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30 Days With the Cloud
By Tony Bradley, PCWorld
30 Days With the Cloud: Day 1
I’m back. I didn’t take the month of October off from writing altogether, but I did take a break from the “30 Days” series. Now it’s November and I am ready to embark on another 30-day journey. This time, I am going to spend the 30 days in the cloud.
I love my Windows 7 PC, and I’m attached to having software locally installed. I like knowing that my software is right here where I need it, and that I am not dependent on a reliable Internet connection just to access my own information or get anything done. I don’t like the fact that a server outage somewhere on the other side I know that way of computing is quickly becoming outdated, though.
I also realize there are many potential benefits to using cloud-based products. As much as I appreciate having my software and data stored locally, there is an advantage to having access to my tools and data from virtually anywhere as long as I have a Web-enabled device and an Internet connection. If my PC crashes, or gets dropped in a pool or something, all I need to do is buy or borrow another PC and I’ll be in business as if nothing happened.
As much as is possible, I will rely on Web-based tools. I can use the cloud for productivity software like word processing and spreadsheets, keeping track of my finances, scheduling and tracking my calendar and time, storing my data–including my music library, or just using a cloud-based music service in lieu of my library. There isn’t much I can’t do from the cloud these days.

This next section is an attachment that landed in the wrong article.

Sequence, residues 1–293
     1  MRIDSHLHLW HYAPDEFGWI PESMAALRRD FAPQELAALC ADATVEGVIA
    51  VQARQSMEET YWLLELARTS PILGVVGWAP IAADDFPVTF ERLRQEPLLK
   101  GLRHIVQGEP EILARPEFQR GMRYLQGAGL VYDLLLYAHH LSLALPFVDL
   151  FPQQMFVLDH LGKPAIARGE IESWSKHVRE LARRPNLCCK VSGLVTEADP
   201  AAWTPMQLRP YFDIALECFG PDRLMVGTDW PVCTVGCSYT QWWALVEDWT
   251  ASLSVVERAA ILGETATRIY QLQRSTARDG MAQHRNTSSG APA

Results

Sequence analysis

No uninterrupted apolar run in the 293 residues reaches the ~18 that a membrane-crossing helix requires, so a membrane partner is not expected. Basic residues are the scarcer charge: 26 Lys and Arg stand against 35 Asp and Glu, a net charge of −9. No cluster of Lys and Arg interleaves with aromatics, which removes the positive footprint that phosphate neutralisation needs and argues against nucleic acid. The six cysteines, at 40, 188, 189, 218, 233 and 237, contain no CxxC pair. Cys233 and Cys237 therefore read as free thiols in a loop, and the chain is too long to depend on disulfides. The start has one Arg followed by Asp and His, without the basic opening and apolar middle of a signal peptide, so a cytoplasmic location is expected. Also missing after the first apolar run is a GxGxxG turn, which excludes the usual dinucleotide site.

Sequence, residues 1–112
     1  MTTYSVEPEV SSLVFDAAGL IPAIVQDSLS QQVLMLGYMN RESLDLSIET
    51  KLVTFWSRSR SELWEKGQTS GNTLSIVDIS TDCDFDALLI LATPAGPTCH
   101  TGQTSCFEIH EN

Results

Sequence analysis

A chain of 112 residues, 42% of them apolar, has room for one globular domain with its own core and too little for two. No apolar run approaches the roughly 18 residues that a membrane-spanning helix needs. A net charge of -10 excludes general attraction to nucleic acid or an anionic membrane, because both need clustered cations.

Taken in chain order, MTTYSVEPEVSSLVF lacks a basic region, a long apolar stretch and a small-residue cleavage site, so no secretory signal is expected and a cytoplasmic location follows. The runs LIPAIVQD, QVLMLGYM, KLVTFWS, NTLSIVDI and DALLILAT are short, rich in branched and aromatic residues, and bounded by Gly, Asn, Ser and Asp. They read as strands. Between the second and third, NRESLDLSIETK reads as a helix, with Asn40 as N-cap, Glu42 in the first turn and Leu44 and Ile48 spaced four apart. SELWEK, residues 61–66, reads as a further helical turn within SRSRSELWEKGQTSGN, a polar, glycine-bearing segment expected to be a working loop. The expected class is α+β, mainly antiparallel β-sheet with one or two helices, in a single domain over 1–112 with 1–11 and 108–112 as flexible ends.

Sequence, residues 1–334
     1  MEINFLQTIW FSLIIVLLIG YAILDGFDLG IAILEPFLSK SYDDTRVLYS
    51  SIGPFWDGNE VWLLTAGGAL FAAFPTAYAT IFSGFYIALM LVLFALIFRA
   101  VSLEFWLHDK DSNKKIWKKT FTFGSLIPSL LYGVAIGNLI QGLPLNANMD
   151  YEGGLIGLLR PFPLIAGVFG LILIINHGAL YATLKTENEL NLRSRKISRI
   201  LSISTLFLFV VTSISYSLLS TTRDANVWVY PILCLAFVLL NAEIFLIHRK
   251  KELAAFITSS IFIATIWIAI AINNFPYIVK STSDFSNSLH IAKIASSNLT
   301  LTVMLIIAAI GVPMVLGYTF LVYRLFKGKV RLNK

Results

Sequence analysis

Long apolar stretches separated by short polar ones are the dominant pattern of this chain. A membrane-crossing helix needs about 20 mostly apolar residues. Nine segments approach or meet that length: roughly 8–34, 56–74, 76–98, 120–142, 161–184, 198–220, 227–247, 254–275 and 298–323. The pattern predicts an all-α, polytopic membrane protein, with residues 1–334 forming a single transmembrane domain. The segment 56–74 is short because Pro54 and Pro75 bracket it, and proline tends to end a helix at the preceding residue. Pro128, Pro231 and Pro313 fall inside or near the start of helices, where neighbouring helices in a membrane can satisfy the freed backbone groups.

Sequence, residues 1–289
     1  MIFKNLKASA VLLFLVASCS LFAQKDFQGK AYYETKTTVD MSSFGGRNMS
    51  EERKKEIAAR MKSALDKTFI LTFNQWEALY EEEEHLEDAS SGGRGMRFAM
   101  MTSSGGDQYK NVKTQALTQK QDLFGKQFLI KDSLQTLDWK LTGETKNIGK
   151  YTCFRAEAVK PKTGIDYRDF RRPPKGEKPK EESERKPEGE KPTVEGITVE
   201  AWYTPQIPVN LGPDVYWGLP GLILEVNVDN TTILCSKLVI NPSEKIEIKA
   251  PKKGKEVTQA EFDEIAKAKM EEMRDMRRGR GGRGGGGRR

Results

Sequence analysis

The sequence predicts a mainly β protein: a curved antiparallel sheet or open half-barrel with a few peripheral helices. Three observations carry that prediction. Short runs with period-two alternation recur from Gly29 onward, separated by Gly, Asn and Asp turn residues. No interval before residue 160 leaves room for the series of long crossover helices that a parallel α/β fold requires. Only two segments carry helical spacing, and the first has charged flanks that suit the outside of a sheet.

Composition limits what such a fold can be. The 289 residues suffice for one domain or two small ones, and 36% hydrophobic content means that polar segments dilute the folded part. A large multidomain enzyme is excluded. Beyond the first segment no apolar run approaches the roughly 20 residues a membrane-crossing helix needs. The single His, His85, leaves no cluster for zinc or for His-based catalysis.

Part of the journey will be devoted to trying out different tools and services of a given type and choosing the one I prefer. Then, the rest of the 30 days will be devoted to just using the cloud services I choose, and chronicling my experience–what works and what doesn’t, as well as tips, tricks, pitfalls, and shortcuts.
Some of the cloud-based options are obvious, like Google Docs and Office 365, or Gmail and Hotmail. If you have any Web-based tools and services you use, or just suggestions for tools you are aware of and might like to know more about, send me your ideas. I can’t promise I will get to them all, but I appreciate any input you can provide to help me find some of the more obscure “diamond in the rough” options.
So, let’s get started on the 30 Days With the Cloud journey.